Meet a Green Business Network member company – Ripple Glass. We chatted with Morgan Henderson, the Metro Program Manager, to learn more about how Ripple has impacted Kansas City and its goals for expansion.
Founded in 2009, Ripple Glass is Kansas City’s glass recycling company. All the glass collected for recycling in the KC metro area makes its way to Ripple’s glass processing facility on Crystal Avenue in Kansas City, Mo., where it’s ground into “furnace- ready cullet.” From there, the recycled product is sold to Owens Corning, where the glass is used to make fiberglass insulation, and to Ardagh Group, where the glass is made into new bottles. Henderson mentions how, “one recycled bottle makes one new bottle; glass is unique because it can be indefinitely recyclable.”
Ripple Glass is made up of a small, yet powerful team of individuals who take on multiple roles. Henderson has worked for the company for over 2.5 years and is responsible for Ripple’s drop off program. She ensures the convenient placement, logistics, and maintenance of 100+ purple bins around the metro. She also gets to see firsthand the positive impact that recycling glass has on the local community, and beyond.
Henderson has always had a passion for sustainability. She says, “as corny as it sounds, I wanted to pursue a job that felt like more than just a job. I wanted to work with an organization that had a direct and positive impact on our world. I love the Ripple Glass mission, as well as the amazing team that makes it all run, so when an opportunity arose to work at Ripple, it was a no-brainer.”
A fun fact about Ripple Glass is that it was originally founded by Boulevard Brewing Company. Boulevard was manufacturing millions of bottles a year, and because there was no glass recycling option at the time, those glass bottles were ending up in the landfill. The company knew it wanted to be a part of the sustainability solution, rather than the problem. Before Ripple Glass, Kansas Citians threw away 150 million pounds of glass, approximately 10 million being Boulevard bottles.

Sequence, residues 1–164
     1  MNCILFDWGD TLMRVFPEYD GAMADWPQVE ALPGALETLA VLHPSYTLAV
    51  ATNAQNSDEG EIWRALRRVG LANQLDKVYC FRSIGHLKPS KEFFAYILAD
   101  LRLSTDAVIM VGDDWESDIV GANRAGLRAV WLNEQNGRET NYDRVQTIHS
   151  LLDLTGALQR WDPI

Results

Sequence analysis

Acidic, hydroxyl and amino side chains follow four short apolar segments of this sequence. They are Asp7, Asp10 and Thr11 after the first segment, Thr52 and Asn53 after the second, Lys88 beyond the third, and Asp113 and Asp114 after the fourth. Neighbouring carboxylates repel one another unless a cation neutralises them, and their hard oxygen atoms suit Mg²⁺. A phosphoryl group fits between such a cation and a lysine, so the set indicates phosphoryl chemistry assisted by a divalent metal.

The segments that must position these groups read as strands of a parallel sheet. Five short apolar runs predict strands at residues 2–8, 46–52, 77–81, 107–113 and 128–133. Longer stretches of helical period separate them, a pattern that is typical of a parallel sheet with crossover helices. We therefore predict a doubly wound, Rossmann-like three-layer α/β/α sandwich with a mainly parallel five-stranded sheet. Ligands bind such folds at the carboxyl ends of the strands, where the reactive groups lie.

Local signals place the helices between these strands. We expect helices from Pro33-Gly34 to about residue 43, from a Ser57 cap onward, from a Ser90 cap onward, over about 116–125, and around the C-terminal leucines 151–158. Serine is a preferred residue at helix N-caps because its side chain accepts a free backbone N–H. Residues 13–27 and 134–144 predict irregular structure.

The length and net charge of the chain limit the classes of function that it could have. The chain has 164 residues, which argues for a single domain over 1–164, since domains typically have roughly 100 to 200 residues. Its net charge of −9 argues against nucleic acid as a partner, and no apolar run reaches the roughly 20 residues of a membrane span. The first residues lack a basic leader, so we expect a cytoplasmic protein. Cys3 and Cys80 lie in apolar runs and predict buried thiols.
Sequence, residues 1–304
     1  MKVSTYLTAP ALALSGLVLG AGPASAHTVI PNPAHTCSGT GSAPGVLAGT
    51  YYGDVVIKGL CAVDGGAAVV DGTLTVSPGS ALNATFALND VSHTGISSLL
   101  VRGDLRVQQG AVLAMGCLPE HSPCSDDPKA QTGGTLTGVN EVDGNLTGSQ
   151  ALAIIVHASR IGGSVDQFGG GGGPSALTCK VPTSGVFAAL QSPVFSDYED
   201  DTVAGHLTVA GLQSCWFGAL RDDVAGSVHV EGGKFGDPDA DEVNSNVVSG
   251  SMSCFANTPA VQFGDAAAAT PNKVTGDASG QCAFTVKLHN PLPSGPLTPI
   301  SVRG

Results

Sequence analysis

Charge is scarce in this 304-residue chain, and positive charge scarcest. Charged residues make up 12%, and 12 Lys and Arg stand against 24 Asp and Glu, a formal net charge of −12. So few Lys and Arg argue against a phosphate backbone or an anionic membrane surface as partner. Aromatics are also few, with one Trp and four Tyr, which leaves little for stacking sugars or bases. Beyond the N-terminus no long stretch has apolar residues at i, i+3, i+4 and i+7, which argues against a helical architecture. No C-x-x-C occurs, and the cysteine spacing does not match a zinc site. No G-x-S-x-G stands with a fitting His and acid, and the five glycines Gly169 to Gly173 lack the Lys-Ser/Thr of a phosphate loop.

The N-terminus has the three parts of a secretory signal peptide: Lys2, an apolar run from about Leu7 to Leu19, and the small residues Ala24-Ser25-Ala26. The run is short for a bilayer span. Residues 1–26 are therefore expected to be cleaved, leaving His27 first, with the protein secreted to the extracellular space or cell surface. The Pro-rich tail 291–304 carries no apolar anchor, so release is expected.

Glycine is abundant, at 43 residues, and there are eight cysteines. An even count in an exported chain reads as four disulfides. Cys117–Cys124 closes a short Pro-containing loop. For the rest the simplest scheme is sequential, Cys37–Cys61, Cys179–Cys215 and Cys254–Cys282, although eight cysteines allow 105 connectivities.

Henderson mentions, “When Ripple was founded, the local glass recycling rate was right around 3%. Currently, the glass recycling rate in Kansas City is closer to 20%, but the opportunity to reach even more local communities is what really drives me. There is truly no cap within the work we do at Ripple Glass.”
Each Ripple Glass bin is picked up at a different frequency, but some bins are picked up every Monday and Friday! On average, one purple bin holds between 4 and 6 tons of glass.
When it comes to the actions Ripple Glass is taking right now, Henderson says, “Ripple continues to focus on growth. We are looking to place even more purple bins in areas of the KC metro that have previously been underserved. We also recently rolled out a curbside pick-up pilot program in Roeland Park! Our team is always aiming to expand our reach into more cities throughout the entire region as well.” The Ripple team believes there is always room for sustainable growth.
Henderson feels some of the most important tools for sustainable businesses are, “both consistency and adaptability.” She believes it’s critical to remain consistent in what is offered to the community, and what Ripple can accept from community members, but it is also important to remain flexible and adaptable within that structure. Ripple Glass measures its sustainable progress in many ways. Henderson states, “There are several metrics that measure our sustainable progress – we have goals for tons of glass collected, the number of new purple bins placed, the number of businesses who partner with us for their glass recycling needs, and the number of regional cities who partner with us to offer a convenient glass recycling option in their own communities.”
Henderson believes the biggest challenge for Ripple Glass, and many businesses in the industry, is behavior change. “It can be extremely difficult to get people to change their ingrained habits,” she says. She also believes that educating the masses is important. She explains, “At Ripple Glass, we are always looking to expand our reach and further educate communities on the benefits and ease of glass recycling. I’ve had the opportunity to add several free, glass recycling drop-off bins to areas in and around the KC Metro. I have also had the pleasure of speaking to many local businesses and schools about developing their own sustainability programs and curriculum.”
She says, “It can be easier than you think to incorporate and foster habits of sustainability. Especially if your organization already has a passion for sustainability. We’ve found with glass recycling, it’s relatively easy to get folks on board…contact us!”
The Ripple Glass team loves taking part in volunteer activities, many of which are offered by Bridging The Gap. Ripple Glass has been a member of the Green Business Network for several years now. Henderson explains, “To be associated with such a vast network of sustainable entities has had such a positive impact on our business. The Green Business Network offers education and connections to hundreds of different metro area businesses and individuals focused on improving sustainability in the workplace. We’ve found the GBN to be a vital resource and a network we are proud to be a part of.”
If you are interested in learning more about Ripple Glass or have any questions, contact Morgan Henderson at email@example.com.